Clyde Lensley McPhatter (November 15, c. 1932 – June 13, 1972) was an American rhythm and blues, soul and rock and roll singer. McPhatter's high-pitched tenor voice was steeped in the gospel music he sang in much of his early life. He was the lead tenor of the Mount Lebanon Singers, a gospel group he formed as a teenager
Listen free to Clyde McPhatter – Clyde McPhatter: The Essential Collection (Sixty Minute Man, The Bells and more). Discover more music, concerts, videos, and pictures with the largest catalogue online at Last. Clyde McPhatter (November 15, 1932 – June 13, 1972) was an influential African-American R&B singer, born in Durham, North Carolina. He was raised in a religious Baptist family, and formed a gospel group in 1945 after his family moved to New Jersey. They soon relocated to New York City, and McPhatter joined the Mount Lebanon Singers, a popular gospel group. In 1950, McPhatter joined Billy Ward & the Dominoes, and was present for the recording of "Sixty Minute Man", which was a huge hit in 1951, and was one of the earliest rock and roll records.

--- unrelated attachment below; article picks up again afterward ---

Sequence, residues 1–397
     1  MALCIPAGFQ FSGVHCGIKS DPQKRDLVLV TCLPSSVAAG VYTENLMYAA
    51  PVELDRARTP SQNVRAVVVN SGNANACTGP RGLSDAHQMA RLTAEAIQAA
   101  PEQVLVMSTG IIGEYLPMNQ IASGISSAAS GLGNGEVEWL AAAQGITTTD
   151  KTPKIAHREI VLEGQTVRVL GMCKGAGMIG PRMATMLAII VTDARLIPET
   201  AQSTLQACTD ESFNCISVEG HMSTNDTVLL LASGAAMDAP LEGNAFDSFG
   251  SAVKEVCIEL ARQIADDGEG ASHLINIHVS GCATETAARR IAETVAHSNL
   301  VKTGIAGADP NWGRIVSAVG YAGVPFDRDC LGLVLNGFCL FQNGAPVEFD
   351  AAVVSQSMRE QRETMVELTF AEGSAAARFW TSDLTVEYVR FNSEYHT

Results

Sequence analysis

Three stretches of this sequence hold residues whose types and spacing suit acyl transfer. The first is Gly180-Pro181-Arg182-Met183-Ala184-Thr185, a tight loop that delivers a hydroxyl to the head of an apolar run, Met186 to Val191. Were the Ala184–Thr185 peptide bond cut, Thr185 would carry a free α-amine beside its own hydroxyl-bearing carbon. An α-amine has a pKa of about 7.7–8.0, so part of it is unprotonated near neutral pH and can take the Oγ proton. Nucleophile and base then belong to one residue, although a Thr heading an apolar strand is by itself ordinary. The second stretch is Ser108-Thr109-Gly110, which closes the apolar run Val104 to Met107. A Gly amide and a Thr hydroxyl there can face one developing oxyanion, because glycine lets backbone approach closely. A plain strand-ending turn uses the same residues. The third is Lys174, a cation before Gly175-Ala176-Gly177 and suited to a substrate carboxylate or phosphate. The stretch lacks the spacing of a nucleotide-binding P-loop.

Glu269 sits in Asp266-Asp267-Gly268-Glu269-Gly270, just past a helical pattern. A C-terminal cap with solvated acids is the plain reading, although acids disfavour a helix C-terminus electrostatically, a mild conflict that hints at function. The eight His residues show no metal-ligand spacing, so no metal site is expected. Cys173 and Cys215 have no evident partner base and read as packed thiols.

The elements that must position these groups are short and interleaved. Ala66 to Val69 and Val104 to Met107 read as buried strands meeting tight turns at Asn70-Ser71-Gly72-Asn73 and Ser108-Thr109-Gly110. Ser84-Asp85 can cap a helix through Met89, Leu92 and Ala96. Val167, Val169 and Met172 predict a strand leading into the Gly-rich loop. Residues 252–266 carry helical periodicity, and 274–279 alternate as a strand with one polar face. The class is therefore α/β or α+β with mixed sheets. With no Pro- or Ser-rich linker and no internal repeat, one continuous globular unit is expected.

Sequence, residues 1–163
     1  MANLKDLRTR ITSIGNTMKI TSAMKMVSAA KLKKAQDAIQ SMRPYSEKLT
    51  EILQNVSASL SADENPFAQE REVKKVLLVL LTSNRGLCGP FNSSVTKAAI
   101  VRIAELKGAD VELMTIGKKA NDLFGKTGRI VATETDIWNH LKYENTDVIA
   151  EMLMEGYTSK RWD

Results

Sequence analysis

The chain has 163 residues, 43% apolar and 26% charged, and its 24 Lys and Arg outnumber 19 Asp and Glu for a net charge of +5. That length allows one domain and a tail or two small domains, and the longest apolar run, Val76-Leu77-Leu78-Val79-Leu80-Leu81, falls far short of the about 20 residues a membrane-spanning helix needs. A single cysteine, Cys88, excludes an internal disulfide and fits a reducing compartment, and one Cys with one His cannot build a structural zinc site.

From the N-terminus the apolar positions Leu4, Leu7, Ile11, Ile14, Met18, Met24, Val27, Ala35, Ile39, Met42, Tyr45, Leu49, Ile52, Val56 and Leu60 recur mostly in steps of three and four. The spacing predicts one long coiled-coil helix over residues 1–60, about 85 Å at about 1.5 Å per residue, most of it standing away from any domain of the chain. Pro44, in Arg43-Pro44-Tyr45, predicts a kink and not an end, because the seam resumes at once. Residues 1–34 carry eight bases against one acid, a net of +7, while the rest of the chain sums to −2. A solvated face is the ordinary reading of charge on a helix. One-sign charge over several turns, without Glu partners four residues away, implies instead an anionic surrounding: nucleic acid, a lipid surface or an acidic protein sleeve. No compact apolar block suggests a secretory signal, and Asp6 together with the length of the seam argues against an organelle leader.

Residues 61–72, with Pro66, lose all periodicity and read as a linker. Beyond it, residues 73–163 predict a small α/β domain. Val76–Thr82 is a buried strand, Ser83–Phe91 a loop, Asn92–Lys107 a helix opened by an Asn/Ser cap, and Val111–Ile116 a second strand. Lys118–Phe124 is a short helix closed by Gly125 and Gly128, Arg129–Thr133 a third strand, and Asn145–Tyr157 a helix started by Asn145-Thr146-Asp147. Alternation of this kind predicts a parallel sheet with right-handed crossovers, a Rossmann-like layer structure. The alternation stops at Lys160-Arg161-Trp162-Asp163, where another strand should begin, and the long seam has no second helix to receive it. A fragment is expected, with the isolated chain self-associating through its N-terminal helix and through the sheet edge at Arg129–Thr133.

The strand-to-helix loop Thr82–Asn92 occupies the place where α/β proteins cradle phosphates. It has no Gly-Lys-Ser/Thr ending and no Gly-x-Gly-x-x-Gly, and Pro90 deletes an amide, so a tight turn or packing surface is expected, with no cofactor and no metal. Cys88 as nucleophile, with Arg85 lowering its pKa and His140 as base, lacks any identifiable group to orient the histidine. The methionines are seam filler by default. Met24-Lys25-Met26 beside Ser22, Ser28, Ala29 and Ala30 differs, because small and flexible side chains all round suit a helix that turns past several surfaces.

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Those who are most familiar with McPhatter's singing from his days with the Drifters will be pleased by all 19 songs here, which represent a more mature voice and embody musical ambitions that carried McPhatter toward the same kind of expansive, pop-oriented R&B that Sam Cooke also started working toward (and would hit bigger with) a couple of years later. Treasure of Love" and "A Lover's Question" may be McPhatter's best remembered solo hits, but even the non-chart sides here, like "I Can't Stand Up Alone" (which harks back to McPhatter's roots as a gospel singer) and the big-band R&B of "I'm Lonely Tonight," are gorgeous pieces of music that demand to be heard.